He was Christ-like in every way.  He was gentle and soft-spoken.  When I looked into his eyes, I could see Jesus.

I want to read an excerpt from “This I Remember.”  These are his words at the banquet.

Here in the Stow First Christian Church, I found a “church home” where I can belong, whose HISTORY is ROOTED in the traditions of the Disciples of Christ; whose MINISTRY is BRANCHING OUT into the community and world; whose PROGRAMS are BEARING FRUIT, in young and old to “grow up” in faith, good works and witness; whose FELLOWSHIP is NOURISHING those who “hunger and thirst after righteousness, for they shall be satisfied” (Matthew 5:6).  I am glad to say these few words: As we REMEMBER our RICH HERITAGE and the SAINTS who have gone before; and as we PREPARE for the RICHER HARVEST that has yet to be GATHERED!  Thank you!  Reverend Gene Chiavetta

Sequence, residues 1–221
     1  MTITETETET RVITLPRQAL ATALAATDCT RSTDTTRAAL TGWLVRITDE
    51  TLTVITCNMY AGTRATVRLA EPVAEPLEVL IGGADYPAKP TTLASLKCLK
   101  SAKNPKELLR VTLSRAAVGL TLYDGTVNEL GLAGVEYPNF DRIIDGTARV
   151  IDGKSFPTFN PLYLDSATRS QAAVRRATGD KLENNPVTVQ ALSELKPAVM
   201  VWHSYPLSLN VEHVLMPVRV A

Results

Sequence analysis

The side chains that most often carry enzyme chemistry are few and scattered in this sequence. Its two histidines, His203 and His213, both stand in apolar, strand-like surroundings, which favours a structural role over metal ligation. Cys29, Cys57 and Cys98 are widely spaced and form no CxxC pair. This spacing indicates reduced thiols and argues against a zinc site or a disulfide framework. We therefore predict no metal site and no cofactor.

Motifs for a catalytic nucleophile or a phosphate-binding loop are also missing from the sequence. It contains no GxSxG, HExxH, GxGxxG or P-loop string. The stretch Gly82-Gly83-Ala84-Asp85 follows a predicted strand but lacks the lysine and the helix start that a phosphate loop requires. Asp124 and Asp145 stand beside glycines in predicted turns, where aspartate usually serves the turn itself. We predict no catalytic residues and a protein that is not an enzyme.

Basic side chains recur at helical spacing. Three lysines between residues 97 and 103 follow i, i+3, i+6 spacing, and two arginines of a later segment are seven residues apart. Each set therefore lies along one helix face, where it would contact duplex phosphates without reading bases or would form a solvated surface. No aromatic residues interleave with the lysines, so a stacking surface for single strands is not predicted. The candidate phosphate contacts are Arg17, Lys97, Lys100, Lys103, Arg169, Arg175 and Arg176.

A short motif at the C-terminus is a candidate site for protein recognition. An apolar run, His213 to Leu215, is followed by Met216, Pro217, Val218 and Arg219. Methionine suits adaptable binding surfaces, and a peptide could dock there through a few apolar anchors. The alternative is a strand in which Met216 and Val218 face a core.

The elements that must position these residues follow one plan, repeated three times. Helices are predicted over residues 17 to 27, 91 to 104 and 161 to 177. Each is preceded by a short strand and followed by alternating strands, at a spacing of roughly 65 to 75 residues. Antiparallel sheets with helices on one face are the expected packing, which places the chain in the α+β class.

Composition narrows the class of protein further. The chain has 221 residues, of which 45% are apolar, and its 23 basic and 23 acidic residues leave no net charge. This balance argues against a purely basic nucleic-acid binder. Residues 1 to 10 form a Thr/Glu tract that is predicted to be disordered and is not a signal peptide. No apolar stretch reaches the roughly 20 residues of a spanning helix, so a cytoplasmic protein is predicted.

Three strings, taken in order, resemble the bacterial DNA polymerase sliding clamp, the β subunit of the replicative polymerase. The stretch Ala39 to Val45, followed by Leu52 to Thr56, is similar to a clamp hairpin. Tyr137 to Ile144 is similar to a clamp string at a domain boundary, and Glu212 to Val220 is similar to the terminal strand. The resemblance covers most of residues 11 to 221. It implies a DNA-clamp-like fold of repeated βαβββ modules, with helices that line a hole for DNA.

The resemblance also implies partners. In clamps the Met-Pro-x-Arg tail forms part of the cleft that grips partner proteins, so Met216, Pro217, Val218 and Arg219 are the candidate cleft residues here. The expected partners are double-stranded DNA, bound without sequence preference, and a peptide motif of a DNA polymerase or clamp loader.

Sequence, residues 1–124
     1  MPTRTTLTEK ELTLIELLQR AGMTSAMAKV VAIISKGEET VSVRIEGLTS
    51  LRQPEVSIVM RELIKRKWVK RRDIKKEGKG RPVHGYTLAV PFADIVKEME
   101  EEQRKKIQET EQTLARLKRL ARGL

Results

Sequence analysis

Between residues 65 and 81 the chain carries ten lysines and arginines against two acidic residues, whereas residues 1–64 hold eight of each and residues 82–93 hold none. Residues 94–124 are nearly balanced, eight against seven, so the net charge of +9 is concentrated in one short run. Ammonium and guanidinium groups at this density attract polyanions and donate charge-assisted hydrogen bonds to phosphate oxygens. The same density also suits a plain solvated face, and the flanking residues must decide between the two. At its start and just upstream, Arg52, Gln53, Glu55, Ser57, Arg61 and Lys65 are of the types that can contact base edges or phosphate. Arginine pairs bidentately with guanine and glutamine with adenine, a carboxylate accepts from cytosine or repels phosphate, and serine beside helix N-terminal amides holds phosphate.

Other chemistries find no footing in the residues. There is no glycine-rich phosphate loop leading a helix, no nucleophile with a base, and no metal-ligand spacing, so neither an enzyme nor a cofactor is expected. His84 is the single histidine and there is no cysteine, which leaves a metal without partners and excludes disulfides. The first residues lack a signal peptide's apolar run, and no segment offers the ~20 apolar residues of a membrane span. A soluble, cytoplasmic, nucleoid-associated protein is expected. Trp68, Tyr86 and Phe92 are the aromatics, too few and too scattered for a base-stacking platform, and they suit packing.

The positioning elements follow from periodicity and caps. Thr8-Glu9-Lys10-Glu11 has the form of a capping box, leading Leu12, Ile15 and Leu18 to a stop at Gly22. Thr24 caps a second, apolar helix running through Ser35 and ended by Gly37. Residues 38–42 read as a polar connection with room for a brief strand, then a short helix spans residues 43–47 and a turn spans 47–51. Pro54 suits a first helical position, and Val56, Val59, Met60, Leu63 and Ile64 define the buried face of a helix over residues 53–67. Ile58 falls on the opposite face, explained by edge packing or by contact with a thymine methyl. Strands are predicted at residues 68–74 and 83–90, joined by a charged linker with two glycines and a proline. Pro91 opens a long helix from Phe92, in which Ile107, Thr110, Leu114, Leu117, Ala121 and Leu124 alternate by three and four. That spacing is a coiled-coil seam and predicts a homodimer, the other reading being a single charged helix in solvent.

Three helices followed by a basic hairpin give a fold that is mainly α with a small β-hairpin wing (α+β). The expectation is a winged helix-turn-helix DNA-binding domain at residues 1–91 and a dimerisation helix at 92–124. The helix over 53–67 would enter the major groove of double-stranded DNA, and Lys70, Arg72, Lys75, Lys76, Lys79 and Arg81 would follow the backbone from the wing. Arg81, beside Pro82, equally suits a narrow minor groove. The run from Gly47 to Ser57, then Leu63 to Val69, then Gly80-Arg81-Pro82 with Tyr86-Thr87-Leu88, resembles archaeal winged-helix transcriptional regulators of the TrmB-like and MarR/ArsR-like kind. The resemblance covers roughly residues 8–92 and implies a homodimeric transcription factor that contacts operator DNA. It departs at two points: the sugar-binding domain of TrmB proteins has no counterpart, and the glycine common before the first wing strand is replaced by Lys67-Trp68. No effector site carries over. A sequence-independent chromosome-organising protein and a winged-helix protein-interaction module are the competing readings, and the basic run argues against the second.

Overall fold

I thought it was fitting that he should end with a thank-you.  One of my memories of Rev. Chiavetta is that he would start the service each Sunday with a heartfelt “Thank you for coming to Church!

Shared By Bob Vanik:  Litany of the Saints

Please pray with me… Gracious God, we praise you for the women and men whose faithful witness to your love inspires each generation of your people.  Teach us to follow their example.  Let us clearly recognize what it means to be called the children of God, and may we know we are to be your saints, not by our own choosing nor in our own strength, but simply by the call of Christ Jesus our Savior.  Amen.

We remember now the saints of First Christian Church who have died since last All Saints Day:

Richard Brandon    (wait for bell toll)

Jeane Galehouse    (bell)

Vera Scott    (bell)

                       Dora Truver    (bell)

We rejoice in the company of the saints.  We thank God for their lives and love, and rejoice that for them “all is well, and all manner of things will be well.” Amen.